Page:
Can a CFD position wipe out your free funds?

Let’s say I have €100 on a CFD position, and also have €100 lying around in free funds on the CFD platform.

If the CFD position goes against me, will I lose the €100 invested in the position or the full account including the €100 free funds?

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In short it can wipe majority of free funds, if things go south.

Some details on CFD, I stay clear of them. :beer:

You lose your investment multiplied by the margin. Hypothetically, if it is the only open position that you have, you will be left with 25 or less before the position gets closed.

My investment is only €100. But I have another €100 spare cash in free funds. What I’m asking is, can my spare cash get wiped out too?

In short, yes.

You can lose almost all your free cash.

Ok. Lesson learned (the easy way).


To fellow noobs reading this: Take all free cash out of the CFD account if you have a position open with no stop loss.

Theoretically, if you’re selling short, I think your potential loss is infinite. Suppose you sell £100 of A at £10/share. If the price goes up, you lose money. So a move to £11 puts you £10 down. But there’s no limit to how high the price of A can go – it can go to £20 costing you £100 or to £1000 costing you £9900 or so on. Even with a stop loss, the price can jump overnight and you can be in big trouble.

Take it from someone who learned the hard way; you can lose all your free cash and even end up with a negative balance. So you can end up owing money. CFDs are quite complex and if you are new to it then it’s best to practise for at least a year before using your own money.

I thought a negative balance was impossible. Maybe with other platforms, but not T212.

It is unlikely with the measures put in place by T 212, but there are extreme cases that even T 212 cannot protect you from. Although this is rare it can happen especially when the change is so rapid even the algorithms may not trigger in time. I hope I’m wrong, maybe someone from the team can clarify this?

I guess my answer was invisible. Lol


if t212 closes all positions when account hits 25% how can it wipe all funds out?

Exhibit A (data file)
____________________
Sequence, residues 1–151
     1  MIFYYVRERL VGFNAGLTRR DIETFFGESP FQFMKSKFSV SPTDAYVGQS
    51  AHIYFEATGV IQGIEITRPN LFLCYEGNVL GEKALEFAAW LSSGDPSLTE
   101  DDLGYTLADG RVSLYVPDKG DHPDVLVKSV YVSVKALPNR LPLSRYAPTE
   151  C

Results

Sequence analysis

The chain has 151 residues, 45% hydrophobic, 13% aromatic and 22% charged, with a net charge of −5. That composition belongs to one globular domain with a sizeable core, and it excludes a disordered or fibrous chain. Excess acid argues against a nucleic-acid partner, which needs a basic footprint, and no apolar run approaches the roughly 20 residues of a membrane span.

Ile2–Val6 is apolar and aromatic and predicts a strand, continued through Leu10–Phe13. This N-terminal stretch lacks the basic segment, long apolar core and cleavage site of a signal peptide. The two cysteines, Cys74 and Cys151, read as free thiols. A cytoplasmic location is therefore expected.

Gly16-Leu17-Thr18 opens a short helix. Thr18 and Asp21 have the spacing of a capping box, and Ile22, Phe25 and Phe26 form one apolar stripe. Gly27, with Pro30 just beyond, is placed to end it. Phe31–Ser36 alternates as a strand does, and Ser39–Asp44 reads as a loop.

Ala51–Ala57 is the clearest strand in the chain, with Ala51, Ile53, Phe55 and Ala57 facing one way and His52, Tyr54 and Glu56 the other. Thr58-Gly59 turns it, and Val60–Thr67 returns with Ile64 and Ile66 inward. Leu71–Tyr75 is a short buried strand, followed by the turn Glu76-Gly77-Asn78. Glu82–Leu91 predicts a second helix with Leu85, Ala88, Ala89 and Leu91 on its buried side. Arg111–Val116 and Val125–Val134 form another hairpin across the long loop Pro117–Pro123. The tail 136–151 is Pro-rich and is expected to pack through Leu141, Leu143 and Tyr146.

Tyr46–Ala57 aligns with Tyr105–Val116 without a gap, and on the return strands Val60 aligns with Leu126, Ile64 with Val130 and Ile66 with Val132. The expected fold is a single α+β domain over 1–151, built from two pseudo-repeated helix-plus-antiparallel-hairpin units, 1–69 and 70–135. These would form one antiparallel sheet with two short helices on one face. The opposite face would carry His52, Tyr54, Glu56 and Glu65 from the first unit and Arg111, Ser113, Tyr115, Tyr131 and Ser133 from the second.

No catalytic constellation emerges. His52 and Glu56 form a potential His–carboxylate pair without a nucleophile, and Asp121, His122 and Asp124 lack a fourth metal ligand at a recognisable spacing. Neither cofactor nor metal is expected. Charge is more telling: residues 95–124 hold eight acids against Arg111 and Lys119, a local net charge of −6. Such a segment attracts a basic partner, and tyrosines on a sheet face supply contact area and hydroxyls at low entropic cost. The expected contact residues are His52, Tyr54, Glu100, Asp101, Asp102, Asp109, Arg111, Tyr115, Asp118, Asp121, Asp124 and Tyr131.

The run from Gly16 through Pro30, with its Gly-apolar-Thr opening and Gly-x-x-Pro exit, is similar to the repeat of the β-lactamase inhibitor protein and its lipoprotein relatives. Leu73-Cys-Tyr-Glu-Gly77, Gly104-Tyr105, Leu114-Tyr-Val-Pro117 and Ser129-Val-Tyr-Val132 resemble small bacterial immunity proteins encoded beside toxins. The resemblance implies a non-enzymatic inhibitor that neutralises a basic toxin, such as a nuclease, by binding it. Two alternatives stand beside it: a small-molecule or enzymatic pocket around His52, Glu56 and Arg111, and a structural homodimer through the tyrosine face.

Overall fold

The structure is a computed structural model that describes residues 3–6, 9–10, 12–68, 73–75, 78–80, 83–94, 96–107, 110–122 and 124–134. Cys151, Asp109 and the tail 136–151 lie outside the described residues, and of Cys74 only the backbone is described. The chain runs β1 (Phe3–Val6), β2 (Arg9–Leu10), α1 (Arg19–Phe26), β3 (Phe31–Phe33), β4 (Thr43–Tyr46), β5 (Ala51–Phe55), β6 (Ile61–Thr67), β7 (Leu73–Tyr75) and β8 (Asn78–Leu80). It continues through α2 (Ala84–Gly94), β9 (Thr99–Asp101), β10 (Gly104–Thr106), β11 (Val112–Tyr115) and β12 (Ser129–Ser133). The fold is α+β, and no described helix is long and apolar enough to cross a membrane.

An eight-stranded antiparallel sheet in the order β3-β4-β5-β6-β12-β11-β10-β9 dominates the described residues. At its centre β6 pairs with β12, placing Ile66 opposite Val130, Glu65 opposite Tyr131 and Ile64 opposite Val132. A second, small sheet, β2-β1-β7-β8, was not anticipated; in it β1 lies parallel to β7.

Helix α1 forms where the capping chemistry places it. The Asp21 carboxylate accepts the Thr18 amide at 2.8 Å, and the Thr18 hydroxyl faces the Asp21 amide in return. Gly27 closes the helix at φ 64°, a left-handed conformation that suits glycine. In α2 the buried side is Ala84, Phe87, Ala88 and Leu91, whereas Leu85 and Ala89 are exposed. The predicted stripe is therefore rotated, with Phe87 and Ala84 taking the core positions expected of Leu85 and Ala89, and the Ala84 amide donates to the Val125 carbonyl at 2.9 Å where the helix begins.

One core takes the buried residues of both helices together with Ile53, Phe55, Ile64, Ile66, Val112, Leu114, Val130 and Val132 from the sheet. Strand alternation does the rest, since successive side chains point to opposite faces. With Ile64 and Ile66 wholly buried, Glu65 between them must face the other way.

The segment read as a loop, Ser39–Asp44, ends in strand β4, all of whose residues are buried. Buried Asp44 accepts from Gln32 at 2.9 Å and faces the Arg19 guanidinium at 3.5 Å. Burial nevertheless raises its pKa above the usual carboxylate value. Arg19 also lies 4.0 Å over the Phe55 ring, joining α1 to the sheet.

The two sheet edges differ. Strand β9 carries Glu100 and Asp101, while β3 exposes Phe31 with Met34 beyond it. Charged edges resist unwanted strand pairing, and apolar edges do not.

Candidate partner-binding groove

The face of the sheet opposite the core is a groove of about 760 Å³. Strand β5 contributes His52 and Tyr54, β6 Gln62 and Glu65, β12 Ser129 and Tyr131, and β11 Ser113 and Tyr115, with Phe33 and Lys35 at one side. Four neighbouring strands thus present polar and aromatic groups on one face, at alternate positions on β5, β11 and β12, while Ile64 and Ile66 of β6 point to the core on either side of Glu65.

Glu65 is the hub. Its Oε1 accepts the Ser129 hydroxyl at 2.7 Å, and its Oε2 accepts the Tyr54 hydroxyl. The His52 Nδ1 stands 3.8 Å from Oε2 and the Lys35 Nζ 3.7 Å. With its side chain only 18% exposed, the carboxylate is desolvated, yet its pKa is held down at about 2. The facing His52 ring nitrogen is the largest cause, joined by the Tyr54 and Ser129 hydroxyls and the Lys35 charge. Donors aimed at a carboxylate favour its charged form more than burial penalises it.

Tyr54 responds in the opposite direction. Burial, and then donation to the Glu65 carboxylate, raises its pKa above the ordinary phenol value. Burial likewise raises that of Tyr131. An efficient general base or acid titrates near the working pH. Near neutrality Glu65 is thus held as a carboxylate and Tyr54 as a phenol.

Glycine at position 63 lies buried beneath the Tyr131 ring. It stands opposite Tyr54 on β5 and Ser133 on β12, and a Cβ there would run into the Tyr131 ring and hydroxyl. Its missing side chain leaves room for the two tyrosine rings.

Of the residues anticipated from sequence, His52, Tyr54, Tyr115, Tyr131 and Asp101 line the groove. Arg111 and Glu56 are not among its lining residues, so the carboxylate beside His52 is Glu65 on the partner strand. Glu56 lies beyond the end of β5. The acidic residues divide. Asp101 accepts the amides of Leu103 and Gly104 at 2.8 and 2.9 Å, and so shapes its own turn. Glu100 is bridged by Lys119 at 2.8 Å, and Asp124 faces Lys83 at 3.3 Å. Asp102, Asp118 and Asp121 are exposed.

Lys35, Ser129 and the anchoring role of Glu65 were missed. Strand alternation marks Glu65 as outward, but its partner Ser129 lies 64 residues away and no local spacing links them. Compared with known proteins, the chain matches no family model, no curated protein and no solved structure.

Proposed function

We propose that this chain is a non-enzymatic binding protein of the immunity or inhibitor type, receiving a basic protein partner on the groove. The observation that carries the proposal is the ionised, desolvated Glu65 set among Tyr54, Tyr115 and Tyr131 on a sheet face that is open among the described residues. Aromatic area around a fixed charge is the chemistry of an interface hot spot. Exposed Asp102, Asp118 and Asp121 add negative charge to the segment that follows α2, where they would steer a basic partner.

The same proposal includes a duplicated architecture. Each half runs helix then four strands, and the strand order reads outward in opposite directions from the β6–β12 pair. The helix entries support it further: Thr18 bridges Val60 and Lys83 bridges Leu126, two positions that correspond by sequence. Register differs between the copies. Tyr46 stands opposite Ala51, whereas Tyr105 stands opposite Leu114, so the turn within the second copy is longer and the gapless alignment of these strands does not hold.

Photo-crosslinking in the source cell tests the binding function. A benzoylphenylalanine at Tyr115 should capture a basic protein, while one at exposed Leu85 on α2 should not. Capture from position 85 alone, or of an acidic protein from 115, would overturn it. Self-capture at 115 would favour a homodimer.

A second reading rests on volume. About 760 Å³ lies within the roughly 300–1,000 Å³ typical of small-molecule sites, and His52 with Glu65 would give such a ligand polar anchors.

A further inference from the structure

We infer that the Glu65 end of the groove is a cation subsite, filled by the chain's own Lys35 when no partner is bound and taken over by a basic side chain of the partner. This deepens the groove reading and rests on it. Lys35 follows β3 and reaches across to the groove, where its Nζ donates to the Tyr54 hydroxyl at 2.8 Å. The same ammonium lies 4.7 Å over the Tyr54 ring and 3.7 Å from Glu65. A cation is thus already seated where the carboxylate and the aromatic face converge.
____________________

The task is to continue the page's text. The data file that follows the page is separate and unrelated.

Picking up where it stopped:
£100 buy drops to 25% = £25.00

£25.00 drops to 25% = £6.25

£6.25 drops to 25% = £1.56

If you have not opened any other trades or, even if you had another trade running simultaneously surely it would execute by the second or third figure so you would not go into a negative balance?

Hoping someone understands what I’m getting at lol

What would happen in the following situation i.e. would you owe Trading212:

You buy something and:

  1. You do not have a stop limit

  2. It drops 80% at the open but the amount in your account would only cover a 40% drop

A good example would be Wirecard.

You cannot owe money to a broker as a retail investor. This has been repeated several times.


untrue I had to pay a negative balance fee

I wonder what were the circumstances were in your case. This FCA article says “We are requiring firms that offer CFDs and CFD-like options to retail consumers to: Provide protections that guarantee a client cannot lose more than the total funds in their trading account.

See also this statement from Trading 212 which says the same thing,

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yeah it does state this indeed but, my account somehow went completely empty and into the negative resulting in a deposit to cover negative balance

there are cases where you can end up purchasing more than your funds allow in which case you end up in an invisible negative balance that gets covered by part of your following deposit. but this would be due to market volatility in the invest accounts rather than CFDs.

T212 certainly provide the protection, so in most cases nothing happens but it is rarely possible to close ever so slightly in the negative if the market volatility was just that bad.

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So if you take a short position in CFD side and then transfer any free funds over to the invest account, will it try and take from there if you ballsup or is that safe? Is that deemed bad manners as T212 takes the hit, or a clever move?

Is that a loop hole, like doing market buys in invest/ISA when you can only never buy at a price more than you have funds available a bit like a limited market buy.

only money in your CFD account will be touched. its perfectly reasonable to protect your earnings by transferring them to your other account, however because it reduces the capital available in the CFD account you will find the risk that much larger in proportion.

free funds in CFD are always at risk and so they act as a safety buffer when the price fluctuates, as you have more money available to make good on a contract you have a greater leeway for the price to bounce around before you close the position. taking this money away is removing the buffer and now a small change in price can result in a margin call.

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